Working From Home Guide - Mental Health
(Last updated 10/05/20)

Given the rapid change to working practices due to the Coronavirus, many members of the Jamat will have found themselves working from home (WFH). This can be a jarring experience and difficult to sustain over the medium to longer term.

AKEPB has prepared this comprehensive best practice guide to help make the transition to remote working, or WFH, as seamless as possible. This is one of a series of best practice guides for WFH and includes:

  • Working From Home Guide - Remote Working Tools & Software
  • Working From Home Guide - Remote Working Practices
  • Working From Home Guide - Ergonomics
  • Working From Home Guide - Mental Health

Taking care of your mind as well as your body is important while working from home. You may feel bored, frustrated or lonely. You may also be worried or anxious. It is important to remember that it is OK to feel this way and that everyone reacts differently. It is also important that we recognise how it may affect our mental health and ensure we are taking care of ourselves and our colleagues.

Here is some practical advice to help ensure you are able to take care of your mental health and those around you.


Click on the section headings below to jump to the section that you want to read about first.

Follow a Structured Daily Routine | Balance Out Your Work and Personal SpacesCommunicate Regularly, Openly and HonestlySlow Down and Be MindfulCreate a Team Wellness Action PlanFurther Reading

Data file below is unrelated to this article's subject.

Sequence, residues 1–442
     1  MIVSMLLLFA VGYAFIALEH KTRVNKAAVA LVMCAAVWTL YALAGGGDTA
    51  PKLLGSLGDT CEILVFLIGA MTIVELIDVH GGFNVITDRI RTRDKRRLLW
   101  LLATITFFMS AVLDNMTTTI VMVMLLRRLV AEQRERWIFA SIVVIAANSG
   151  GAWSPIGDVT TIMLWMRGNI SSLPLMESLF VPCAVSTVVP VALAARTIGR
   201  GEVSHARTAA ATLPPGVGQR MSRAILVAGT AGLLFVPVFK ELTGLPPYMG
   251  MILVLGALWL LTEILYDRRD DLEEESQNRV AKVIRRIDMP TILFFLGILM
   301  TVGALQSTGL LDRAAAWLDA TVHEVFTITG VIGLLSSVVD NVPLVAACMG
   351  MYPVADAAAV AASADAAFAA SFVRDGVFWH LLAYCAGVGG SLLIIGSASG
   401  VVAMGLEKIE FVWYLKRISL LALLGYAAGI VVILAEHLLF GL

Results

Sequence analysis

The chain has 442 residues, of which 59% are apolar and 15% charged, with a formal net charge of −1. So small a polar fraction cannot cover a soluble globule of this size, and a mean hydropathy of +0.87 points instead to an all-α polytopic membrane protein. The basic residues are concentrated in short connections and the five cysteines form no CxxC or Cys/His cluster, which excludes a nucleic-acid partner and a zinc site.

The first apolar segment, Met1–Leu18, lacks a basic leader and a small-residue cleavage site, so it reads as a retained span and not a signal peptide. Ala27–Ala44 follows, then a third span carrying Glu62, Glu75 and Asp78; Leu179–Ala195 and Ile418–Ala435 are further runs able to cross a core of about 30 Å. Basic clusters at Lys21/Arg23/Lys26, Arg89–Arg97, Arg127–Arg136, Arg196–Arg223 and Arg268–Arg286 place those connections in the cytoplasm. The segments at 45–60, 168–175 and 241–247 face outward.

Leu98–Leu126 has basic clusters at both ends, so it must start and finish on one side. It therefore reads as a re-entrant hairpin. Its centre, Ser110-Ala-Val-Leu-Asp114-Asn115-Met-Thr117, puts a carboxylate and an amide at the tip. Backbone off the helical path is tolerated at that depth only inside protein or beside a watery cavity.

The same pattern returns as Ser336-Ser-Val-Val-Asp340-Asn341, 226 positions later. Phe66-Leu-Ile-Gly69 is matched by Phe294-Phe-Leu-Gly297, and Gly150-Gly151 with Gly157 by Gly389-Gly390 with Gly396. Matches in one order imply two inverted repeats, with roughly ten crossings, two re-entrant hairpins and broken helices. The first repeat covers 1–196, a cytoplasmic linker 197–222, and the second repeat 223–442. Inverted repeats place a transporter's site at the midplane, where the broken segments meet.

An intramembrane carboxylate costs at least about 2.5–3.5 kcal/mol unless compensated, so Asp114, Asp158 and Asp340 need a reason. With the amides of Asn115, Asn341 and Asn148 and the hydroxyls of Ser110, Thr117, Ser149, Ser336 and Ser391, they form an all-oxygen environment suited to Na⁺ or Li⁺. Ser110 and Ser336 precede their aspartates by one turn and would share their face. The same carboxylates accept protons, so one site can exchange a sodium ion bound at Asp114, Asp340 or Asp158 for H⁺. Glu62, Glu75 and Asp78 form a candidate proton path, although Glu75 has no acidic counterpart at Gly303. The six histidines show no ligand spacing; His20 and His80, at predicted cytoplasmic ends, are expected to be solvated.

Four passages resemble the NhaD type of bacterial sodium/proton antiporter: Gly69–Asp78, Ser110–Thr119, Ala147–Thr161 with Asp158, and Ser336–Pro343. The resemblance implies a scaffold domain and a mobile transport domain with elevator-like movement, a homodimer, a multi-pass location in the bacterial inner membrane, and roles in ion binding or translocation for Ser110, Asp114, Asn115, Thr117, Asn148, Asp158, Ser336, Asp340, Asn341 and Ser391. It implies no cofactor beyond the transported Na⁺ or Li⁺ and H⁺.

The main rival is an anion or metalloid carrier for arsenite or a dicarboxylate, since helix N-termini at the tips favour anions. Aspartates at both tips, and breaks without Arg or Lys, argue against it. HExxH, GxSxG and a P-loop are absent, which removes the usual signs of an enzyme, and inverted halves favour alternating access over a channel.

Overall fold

Follow a Structured Daily Routine

Start your day with a simple yet important task - get ready and dressed. The very act of putting on your day clothes will bring some normalcy to your day, putting you into a ‘work’ mindset and will kickstart your work routine.

It is vital to eat regular meals, get a good night's sleep and exercise as physical habits feed into our mental health. Make these basics a priority in order to reduce stress and keep us healthy.

Have a set routine of waking up at the same time, planning your working hours and making sure you are taking breaks away from the screen.

Add structure to your day by setting 3 main goals of what you want to achieve to help you keep focussed. Set healthy boundaries on what you can achieve in your day and learn to say no when you feel overstretched.

Ensure you eat a diet with plenty of fruit and vegetables and water and that you eat your meals at an appropriate time and for a good 30 minutes, away from your work area.

Break up your day by doing some stretches at home or if able to, have a short walk in some fresh air outside to keep your mind stimulated.

Do make sure to finish your work and switch off at an appropriate time to avoid burn-out.

Balance Out Your Work and Personal Spaces

Create a designated work space that is tidy and away from distractions.  Our working environment can greatly affect our mental health, especially when we are working from home. 

An open and bright space with natural light that is away from comfort spaces such as the bedroom and lounge, will help retain a separate space for relaxation after working hours.